[TO TER EDITOR OF THE " SPECTATOR:]
Sra,—The fallacy of the "thin end of the wedge" argument has rarely been more cleverly illustrated than by the letters of your two correspondents last week. I am not to pay a body of creditors because some of them, I hear, are about to bring an action at law to dispossess me of certain property. That is the strongest way I can think of petting the case of Mr. Venables and "H. W. W." Am I justified in refusing to pay what I owe because ultimately an unjust claim is to be made against me? Further, is it likely, when I come to refuse the improper demand, my case will be- strengthened by the knowledge that I have previously (on grounds of policy) declined legitimate claims ? Both your correspondents.
say so, at least it is a fair corollary of their argument. The- rejection of the Burials' Bill is in this way to promote the cause of the Establishment. If the Bill be unfair in itself, let it be opposed, but that is a totally different course to rejecting it on the plea that it "is part, and only part, of an avowedly hostile policy."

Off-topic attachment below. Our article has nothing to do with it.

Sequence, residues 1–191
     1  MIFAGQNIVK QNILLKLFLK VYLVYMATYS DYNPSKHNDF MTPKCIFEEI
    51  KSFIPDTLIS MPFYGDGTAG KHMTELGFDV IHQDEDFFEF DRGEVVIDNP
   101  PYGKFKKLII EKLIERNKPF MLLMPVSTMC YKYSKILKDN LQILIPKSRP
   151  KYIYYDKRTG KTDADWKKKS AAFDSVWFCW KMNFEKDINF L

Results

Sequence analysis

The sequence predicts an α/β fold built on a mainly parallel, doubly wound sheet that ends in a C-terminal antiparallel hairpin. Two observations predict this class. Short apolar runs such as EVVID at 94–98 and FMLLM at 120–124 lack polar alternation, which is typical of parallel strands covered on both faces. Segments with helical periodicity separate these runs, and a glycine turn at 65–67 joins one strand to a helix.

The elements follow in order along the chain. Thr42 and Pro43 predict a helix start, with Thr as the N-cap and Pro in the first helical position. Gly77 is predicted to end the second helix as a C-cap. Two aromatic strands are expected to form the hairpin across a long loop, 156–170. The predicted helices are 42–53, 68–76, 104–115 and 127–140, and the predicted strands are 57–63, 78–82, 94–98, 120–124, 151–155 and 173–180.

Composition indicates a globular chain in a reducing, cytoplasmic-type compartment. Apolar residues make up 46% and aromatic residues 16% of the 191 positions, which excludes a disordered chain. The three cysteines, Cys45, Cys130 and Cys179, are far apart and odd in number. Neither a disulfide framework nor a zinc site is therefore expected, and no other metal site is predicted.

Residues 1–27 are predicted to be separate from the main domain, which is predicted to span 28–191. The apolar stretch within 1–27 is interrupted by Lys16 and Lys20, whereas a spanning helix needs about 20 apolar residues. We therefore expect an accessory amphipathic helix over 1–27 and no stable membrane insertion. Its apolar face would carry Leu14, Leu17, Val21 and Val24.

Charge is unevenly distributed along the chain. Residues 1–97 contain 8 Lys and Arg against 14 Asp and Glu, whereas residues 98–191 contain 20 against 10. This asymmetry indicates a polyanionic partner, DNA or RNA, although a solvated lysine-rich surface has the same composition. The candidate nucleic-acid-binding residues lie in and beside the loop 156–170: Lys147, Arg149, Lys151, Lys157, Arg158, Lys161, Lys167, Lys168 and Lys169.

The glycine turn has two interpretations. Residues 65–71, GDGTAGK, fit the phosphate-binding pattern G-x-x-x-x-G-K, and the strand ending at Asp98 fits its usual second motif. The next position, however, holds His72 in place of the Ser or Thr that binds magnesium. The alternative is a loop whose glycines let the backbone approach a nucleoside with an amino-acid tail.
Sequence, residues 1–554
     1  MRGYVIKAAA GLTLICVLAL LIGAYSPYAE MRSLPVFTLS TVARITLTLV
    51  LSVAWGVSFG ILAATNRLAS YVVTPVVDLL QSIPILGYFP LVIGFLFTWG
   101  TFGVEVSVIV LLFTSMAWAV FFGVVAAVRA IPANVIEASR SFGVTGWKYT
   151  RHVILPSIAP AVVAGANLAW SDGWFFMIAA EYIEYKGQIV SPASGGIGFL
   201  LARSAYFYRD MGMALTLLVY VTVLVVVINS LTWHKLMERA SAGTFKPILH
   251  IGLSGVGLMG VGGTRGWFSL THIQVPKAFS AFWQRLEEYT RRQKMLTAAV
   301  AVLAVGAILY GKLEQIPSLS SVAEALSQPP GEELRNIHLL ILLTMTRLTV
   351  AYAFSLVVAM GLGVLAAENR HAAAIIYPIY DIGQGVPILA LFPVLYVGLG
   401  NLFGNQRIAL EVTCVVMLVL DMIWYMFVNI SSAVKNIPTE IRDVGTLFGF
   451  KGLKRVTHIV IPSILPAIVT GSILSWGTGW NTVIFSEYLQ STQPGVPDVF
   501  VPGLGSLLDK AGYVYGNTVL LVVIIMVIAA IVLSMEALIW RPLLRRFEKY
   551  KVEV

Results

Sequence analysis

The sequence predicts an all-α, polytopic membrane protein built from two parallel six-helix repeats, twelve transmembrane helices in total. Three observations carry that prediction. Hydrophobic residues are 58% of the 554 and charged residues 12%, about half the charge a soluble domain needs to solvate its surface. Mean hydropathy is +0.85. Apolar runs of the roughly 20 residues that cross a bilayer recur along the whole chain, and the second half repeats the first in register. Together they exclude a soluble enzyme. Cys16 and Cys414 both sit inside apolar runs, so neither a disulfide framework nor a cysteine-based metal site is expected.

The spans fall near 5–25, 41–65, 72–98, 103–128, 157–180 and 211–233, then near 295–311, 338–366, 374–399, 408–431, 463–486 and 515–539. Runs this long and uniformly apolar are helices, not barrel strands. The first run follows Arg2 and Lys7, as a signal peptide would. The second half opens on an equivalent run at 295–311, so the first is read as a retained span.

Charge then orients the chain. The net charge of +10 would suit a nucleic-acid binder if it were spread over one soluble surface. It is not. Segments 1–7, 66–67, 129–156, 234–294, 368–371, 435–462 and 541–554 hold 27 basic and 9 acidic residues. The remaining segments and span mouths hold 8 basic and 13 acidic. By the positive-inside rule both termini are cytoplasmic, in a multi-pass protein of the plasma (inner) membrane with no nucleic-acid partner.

There are, among the supporters of the Burials' Bill, many who are friendly to the existence of the Establishment. To keep unsettled the questions upon which these unite with the Liberation Society,—to accustom a powerful contingent to work together- with "political Dissenters,"—to Berry friends and foes into hostile phalanx,—to accept battle on a weak ground where it is only possible to rally half the forces,—is the blind folly which the- Church Defence Movement dignifies by the name of policy.
To enjoy the privileged narrowness of a sect and to retain the- dignity and emoluments of a representative National Church is no doubt to some ardent spirits an attractive combination, but the- objects are really incompatible. One cannot have, at the earns time, bachelor freedom and connubial felicity.—I am, Sir, &c., S. WELLINGTON.